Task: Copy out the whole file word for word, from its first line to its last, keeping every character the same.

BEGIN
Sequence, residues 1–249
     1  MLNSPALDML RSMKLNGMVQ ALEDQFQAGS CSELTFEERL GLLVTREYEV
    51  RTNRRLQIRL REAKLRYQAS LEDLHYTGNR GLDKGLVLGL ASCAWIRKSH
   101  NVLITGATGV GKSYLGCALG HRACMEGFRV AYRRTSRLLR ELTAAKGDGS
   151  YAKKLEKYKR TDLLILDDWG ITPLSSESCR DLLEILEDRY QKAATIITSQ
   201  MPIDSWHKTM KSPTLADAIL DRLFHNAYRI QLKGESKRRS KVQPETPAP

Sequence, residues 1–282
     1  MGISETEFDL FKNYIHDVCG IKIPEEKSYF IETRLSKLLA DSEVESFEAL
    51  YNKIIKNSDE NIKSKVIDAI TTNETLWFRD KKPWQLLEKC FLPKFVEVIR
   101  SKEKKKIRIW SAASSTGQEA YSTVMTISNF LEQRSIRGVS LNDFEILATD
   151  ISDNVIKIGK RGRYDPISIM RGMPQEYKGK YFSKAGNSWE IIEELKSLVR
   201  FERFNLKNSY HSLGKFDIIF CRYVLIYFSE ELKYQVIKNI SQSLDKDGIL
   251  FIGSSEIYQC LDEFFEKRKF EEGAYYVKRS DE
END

Sequence, residues 1–249
     1  MLNSPALDML RSMKLNGMVQ ALEDQFQAGS CSELTFEERL GLLVTREYEV
    51  RTNRRLQIRL REAKLRYQAS LEDLHYTGNR GLDKGLVLGL ASCAWIRKSH
   101  NVLITGATGV GKSYLGCALG HRACMEGFRV AYRRTSRLLR ELTAAKGDGS
   151  YAKKLEKYKR TDLLILDDWG ITPLSSESCR DLLEILEDRY QKAATIITSQ
   201  MPIDSWHKTM KSPTLADAIL DRLFHNAYRI QLKGESKRRS KVQPETPAP

Sequence, residues 1–282
     1  MGISETEFDL FKNYIHDVCG IKIPEEKSYF IETRLSKLLA DSEVESFEAL
    51  YNKIIKNSDE NIKSKVIDAI TTNETLWFRD KKPWQLLEKC FLPKFVEVIR
   101  SKEKKKIRIW SAASSTGQEA YSTVMTISNF LEQRSIRGVS LNDFEILATD
   151  ISDNVIKIGK RGRYDPISIM RGMPQEYKGK YFSKAGNSWE IIEELKSLVR
   201  FERFNLKNSY HSLGKFDIIF CRYVLIYFSE ELKYQVIKNI SQSLDKDGIL
   251  FIGSSEIYQC LDEFFEKRKF EEGAYYVKRS DE